In cases where surface roughness needs to be measured with great precision, elaborate instruments must be used. These are expensive, and often unsuitable for workshop use, where roughness of machined surfaces can usually be assessed conveniently and with sufficient reliability using visual and tactile (fingernail) comparison with a standard set of surfaces machined in the same way.
Our range of Roughness Comparison Specimens can help in such cases. They are simple to use, inexpensive, and hence widely used in many different applications. The golden rule to follow, is to use comparison specimens which have been machined by the same process as the workpiece being checked.
Roughness Comparison Specimens
No. 130: Composite Set of Roughness Specimens
|Our most popular set. This set consists of 30 comparison specimens, covering six of the most commonly-
||Composite set type 130|
|The label states the Ra values of each specimen in both metric and imperial units. (Rz-
||Type 130 detail|
|The 100-series comparators are sets of roughness specimens in slightly heavier-duty presentation than the Microsurf comparators, and are more suited to workshop use. The 100-series comparators cover the same range of machining processes as the Microsurf series.|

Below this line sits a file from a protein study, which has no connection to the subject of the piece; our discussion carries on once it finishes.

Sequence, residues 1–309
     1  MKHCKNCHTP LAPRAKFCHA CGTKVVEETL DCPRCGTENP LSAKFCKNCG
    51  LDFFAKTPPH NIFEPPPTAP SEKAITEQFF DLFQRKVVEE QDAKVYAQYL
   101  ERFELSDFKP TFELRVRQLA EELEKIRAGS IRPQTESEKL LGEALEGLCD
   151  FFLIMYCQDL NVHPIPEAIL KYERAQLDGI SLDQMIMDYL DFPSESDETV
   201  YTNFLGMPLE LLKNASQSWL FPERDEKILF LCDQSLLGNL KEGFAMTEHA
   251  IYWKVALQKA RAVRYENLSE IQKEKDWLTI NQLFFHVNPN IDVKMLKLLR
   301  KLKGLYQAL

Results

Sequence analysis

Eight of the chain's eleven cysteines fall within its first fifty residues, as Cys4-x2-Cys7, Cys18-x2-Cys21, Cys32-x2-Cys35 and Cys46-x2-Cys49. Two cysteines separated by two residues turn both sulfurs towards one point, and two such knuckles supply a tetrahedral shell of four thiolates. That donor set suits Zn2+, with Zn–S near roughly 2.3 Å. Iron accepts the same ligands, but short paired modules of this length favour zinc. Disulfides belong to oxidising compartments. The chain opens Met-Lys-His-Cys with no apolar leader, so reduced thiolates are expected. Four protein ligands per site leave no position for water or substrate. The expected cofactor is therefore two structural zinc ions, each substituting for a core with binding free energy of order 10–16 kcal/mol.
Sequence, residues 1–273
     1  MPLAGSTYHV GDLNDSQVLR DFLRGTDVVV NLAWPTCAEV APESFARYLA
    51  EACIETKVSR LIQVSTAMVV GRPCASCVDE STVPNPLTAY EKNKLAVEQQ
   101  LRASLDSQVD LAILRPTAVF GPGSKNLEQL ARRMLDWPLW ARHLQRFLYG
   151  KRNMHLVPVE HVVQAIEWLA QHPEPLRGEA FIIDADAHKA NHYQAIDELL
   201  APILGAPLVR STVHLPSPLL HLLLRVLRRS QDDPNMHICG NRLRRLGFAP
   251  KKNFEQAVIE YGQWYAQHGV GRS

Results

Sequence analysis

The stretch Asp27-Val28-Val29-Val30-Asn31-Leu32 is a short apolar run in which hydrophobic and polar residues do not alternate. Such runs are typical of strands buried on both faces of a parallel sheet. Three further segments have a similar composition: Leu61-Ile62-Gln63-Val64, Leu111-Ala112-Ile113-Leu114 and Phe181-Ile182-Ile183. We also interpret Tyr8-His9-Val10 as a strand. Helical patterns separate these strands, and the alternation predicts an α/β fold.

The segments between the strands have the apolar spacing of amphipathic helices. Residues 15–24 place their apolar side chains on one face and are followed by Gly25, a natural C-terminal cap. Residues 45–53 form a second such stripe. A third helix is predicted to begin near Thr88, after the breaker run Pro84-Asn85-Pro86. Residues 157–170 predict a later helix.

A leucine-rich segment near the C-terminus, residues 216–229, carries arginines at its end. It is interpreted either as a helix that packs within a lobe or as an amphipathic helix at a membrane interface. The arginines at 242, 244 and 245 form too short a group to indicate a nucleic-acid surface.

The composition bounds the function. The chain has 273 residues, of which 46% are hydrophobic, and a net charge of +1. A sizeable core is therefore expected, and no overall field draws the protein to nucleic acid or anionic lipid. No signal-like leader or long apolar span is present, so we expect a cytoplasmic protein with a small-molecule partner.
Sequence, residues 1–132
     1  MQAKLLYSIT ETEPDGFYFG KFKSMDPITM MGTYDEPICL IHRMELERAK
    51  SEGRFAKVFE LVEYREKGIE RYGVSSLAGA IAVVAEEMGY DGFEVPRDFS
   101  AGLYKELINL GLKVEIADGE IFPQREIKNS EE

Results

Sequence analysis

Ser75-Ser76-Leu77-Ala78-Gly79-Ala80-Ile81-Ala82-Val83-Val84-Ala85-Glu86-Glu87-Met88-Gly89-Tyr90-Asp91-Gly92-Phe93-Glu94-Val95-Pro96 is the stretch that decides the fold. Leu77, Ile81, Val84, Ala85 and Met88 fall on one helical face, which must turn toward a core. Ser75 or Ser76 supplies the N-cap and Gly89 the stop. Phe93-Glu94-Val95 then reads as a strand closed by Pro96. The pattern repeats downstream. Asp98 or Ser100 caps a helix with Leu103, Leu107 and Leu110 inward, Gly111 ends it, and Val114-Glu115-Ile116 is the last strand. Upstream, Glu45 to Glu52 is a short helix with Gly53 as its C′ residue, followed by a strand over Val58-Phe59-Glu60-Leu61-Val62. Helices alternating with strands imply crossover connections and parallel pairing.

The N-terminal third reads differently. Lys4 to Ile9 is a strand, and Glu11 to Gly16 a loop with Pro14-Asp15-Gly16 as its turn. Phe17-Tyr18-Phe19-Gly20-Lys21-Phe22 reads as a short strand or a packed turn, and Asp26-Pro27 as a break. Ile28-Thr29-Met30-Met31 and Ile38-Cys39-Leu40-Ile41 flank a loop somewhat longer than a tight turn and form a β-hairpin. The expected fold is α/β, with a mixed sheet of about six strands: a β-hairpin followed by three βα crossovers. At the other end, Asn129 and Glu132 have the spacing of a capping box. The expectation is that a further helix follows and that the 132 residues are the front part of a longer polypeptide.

|Details of our 100 series range.||Type 119 detail|
Microsurf range (300-series) of comparators
|This is a range of light-
Each set in the range is presented in a plastic wallet, with an instruction card giving full details on the roughness values of the specimens. Details of our Microsurf range.
|Type 321 detail|
Special comparators for particular applications
Typical Applications of our comparison specimens:
- checking roughness of turned, milled, ground, reamed, polished or lapped parts during machining
- checking the roughness of spark-
eroded surfaces as described in the VDI 3400 Guideline
- checking the roughness of steel surfaces which have been prepared for painting by blast-
cleaning, as outlined in ISO 8503
- estimating surface roughness prior to accurate measurement by a stylus instrument, as recommended in BS EN ISO 4288,
- checking the seriousness of damage to parts caused by nicks, dents and scratches
- checking reconditioned ship propeller blades